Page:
This semi-comic 1961 film by legendary director Akira Kurosawa (Rashomon, Ran) was inspired by the American Western genre. Kurosawa mainstay Toshirô Mifune (The Seven Samurai) plays a drifting samurai for hire who plays both ends against the middle with two warring factions, surviving on his wits and his ability to outrun his own bad luck. Eventually the samurai seeks to eliminate both sides for his own gain and to define his own sense of honor. Yojimbo is striking for its unorthodox treatment of violence and morality, reserving judgment on the actions of its main character and instead presenting an entertaining tale with humor and much visual excitement. One of the inspirations for the "spaghetti Westerns" of director Sergio Leone and later surfacing as a remake as Last Man Standing with Bruce Willis, this film offers insight into a director who influenced American films even as he was influenced by them. —Robert Lane
January 23, 2007
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My name is Marissa Persinger, I teach 5th grade at Eastbrook Elementary, and I teach the following: language arts, math, science, writing, health and art. I chose the movie Yojimbo based on the cover of the movie. The main character looked like one I had seen before in a Tom Cruise movie therefore I was interested. However, this movie is not appropriate for students below a high school level in my opinion.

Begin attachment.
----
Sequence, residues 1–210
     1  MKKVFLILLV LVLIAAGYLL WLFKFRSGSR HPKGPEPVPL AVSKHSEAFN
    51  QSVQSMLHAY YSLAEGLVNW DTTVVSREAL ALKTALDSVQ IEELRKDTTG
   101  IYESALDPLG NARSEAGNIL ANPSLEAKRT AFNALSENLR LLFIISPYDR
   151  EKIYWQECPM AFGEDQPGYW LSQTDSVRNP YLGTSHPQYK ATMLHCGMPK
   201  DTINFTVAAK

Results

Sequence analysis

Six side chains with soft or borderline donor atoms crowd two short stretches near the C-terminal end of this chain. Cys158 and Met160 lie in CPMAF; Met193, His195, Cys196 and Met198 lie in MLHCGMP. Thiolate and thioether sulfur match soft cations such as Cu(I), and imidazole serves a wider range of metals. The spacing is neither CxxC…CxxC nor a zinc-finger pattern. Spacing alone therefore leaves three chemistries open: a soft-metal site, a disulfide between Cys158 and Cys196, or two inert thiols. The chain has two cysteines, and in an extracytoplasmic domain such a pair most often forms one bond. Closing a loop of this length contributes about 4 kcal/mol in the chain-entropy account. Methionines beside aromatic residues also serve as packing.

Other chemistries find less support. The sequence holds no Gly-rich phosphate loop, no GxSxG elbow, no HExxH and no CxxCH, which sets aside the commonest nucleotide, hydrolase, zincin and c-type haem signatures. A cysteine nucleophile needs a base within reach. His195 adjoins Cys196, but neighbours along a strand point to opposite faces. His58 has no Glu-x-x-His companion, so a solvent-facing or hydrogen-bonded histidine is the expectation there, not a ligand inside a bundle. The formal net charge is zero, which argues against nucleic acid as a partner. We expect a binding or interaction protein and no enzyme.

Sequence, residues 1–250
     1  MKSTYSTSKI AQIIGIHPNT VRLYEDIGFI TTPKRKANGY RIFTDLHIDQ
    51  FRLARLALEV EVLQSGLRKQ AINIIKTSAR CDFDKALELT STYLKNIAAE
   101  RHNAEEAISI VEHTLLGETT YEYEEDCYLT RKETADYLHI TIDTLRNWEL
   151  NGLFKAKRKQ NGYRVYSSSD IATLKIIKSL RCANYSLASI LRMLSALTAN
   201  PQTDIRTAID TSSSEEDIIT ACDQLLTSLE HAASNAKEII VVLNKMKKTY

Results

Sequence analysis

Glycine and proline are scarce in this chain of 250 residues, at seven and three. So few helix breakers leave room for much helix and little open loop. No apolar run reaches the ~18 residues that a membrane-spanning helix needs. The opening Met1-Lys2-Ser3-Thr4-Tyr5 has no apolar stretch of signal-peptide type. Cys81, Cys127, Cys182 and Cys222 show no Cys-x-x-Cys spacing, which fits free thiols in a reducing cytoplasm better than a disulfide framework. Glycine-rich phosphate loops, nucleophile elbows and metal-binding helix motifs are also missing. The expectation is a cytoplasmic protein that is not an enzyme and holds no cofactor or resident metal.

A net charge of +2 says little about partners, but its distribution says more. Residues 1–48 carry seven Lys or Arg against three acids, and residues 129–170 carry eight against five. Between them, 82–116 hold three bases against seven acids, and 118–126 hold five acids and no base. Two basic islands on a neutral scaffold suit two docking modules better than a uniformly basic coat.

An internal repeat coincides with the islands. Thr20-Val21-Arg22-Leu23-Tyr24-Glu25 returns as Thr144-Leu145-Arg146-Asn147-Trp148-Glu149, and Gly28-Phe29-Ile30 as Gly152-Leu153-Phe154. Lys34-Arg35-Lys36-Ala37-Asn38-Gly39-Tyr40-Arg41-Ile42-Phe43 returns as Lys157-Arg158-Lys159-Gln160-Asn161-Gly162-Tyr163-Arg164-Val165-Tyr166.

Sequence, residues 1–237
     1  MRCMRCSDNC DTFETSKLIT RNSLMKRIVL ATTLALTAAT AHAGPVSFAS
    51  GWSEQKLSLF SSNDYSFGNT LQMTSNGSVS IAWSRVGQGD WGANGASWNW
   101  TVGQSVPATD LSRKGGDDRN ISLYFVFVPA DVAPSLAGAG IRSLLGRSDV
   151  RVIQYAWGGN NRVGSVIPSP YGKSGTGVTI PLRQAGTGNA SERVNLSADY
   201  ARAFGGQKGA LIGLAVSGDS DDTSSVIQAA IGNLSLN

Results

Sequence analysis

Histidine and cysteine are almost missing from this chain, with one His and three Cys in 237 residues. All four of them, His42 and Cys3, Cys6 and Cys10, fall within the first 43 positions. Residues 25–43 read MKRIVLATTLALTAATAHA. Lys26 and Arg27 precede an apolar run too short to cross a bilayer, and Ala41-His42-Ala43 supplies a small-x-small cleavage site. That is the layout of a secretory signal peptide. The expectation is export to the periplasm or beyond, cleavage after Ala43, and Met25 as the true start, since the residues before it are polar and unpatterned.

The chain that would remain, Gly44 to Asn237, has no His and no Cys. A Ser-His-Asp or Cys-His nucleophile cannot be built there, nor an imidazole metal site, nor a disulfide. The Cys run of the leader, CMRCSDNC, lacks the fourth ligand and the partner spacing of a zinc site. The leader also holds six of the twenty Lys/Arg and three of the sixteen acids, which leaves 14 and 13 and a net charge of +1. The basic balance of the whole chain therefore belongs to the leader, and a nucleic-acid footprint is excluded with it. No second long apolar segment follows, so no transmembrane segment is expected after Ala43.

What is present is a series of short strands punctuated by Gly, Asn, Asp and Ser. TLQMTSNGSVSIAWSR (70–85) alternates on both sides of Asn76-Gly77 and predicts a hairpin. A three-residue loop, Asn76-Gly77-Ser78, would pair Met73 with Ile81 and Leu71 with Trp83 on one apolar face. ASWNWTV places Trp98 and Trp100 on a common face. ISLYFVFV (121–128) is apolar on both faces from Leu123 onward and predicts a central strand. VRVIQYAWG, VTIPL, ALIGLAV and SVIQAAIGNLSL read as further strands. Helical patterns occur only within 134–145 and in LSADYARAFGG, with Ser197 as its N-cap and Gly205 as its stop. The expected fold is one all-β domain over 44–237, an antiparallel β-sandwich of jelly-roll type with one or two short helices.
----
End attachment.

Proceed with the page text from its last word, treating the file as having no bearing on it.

The movie is one with a similar story line of a Clint Eastwood movie. However, in the Clint Eastwood version it is about gangs in Mexico. Yojimbo is a movie based off of gangs who are tormenting the town as they fight one another. If I were in a high school, I would use these two movies as a compare and contrast assignment. I would focus on the differences in cultures, language, appearances, towns, and weapons.
The movie shows how guns were not a main tool for the Asian gangs to use in their fights. Only one character has a gun showing how they rule the town the most with their quick ability to shoot anyone at a close range. The acting is not the best but for a film from 1971, what do you expect. Student’s will definitely get a laugh at some of the characters and their over exaggeration of the Asian characteristics.
I would use this movie to show the introduction as a way for students to see Asian credits and writing compared to an English movie. Before watching the movie, one should know you do have to turn the subtitles on to understand what is happening in the movie. The movie does not have a lot of blood. However, there is mention of prostitution, some cussing, and alcohol. Because of all of this you do need a mature audience who can handle the content of the video.